Among our most sacred values is shalom, the Hebrew word for peace. But what does peace mean? Does it demand pacifism? Is it opposition to war at all costs? This issue arose in the 1930s in a dialogue between Mahatma Gandhi and Martin Buber. In an exchange of letters, Gandhi urged Jews in Germany to […]
Do you know how to handle stress? We all face it. And we know it can hurt us. Yet, we struggle with how to handle it.
A recent study found only 23 percent of people feel they are doing “an excellent or very good job at managing or reducing stress.”
Now picture some relaxed people you know. How have they gotten that way?
Some may have genetic predispositions. Studies of happiness indicate that about 50 percent of a person’s “happiness quotient” is a result of DNA.
Perhaps the same can be said for our level of stress. What, then are some strategies we can use to address the other 50 percent?
As a person and teacher of faith, I look at this question from a spiritual perspective. Yet, this perspective does not ignore the scientific and psychological insights.
In fact, some spiritual practices have long known what science recently discovered. Here are seven of them:
1. Pray: Prayer is not about asking for things. It is about gaining perspective. It is about reminding ourselves of what is most important. Taking a moment to pray helps us step out of the trees to look at the forest.
2. Join a community: An op-ed in the New York Times by Ross Douthat connected the rise in suicide to weakened social ties. Americans with little connection to established social institutions are more lonely and depressed. Studies show that joining a group that meets just once a month reduces our stress increases our life span.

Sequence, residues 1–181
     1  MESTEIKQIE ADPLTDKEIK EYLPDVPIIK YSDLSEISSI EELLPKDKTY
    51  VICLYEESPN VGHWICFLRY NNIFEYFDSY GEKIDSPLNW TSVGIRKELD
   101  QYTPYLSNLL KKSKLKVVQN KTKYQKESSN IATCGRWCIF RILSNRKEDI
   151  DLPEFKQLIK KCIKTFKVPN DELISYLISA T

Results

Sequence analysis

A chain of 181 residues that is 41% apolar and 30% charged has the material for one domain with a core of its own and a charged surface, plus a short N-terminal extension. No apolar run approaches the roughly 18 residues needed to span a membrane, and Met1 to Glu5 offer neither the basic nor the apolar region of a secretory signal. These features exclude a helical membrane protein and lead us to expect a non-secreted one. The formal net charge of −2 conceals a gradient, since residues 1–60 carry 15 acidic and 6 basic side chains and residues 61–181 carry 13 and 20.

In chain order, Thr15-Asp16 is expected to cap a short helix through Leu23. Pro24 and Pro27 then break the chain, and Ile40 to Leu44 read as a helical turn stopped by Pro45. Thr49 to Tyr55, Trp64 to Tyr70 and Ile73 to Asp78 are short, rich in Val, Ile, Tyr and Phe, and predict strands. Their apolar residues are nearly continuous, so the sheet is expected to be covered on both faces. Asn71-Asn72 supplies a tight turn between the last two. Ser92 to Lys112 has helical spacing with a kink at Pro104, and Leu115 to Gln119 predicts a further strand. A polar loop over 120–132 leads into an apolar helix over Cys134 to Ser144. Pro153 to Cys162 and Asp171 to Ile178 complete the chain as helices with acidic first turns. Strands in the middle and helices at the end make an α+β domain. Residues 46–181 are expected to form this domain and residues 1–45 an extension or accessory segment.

3. Unload to a friend: Religions have long had a structure for expressing our grief or pain or anxiety.
In Judaism the custom of praying and studying together forms relationships to provide an emotional balance and partnership for processing the challenges of life. All of us need find a way get out what is hurting us inside.
4. Breathe: The Hebrew language uses the same word for “breath” and “soul.” Every breath we take nourishes the soul.
This habit is accessible to us wherever are. We can pause and breath deeply. It can instantly help us slow down.
5. Change your language: Our words shape our thoughts. They help form our perception of what we are experiencing.
So often we use highly charged language to describe our feelings. “We are exhausted,” or “so upset” or “really frustrated.” If we try to dial down our language, we may find that our feelings follow.
6. Sleep: Unless we are a new parent or part of the .001 percent of the population who are the exception to the rule, we need to sleep for 7-8 hours on a regular basis.
We were not made to keep going and going. We were made for cycles of work and rest.
If we do not get enough sleep, we have shorter attention spans.We are usually more impatient and short with others.
Getting a good night’s sleep may sound like common sense. But it is wisdom many choose not to follow at their own peril.
7. Observe the Sabbath: This habit follows the logic of the previous one. God did not create us to run at full-speed all the time.
We need to rest. Fortunately, a day of rest was built into the order of creation. The story of the seven days of creation is meant to teach us that God intended for us to take a full day for rest.
To observe the Sabbath, you do not necessarily need to follow all the Jewish laws or Christian practices.
Just change what you do. Appreciate. Breathe. Pray Do not feel the need to be productive. Try not to talk about work. Try to do activities that replenish your mind and soul.
A great musician was once asked by an admirer: “How do you handle the notes as well as you do?” The musician answered: “The notes I handle no better than many pianists, but the pauses between the notes–ah! That is where the art resides.” Rest is our pause between the notes of life.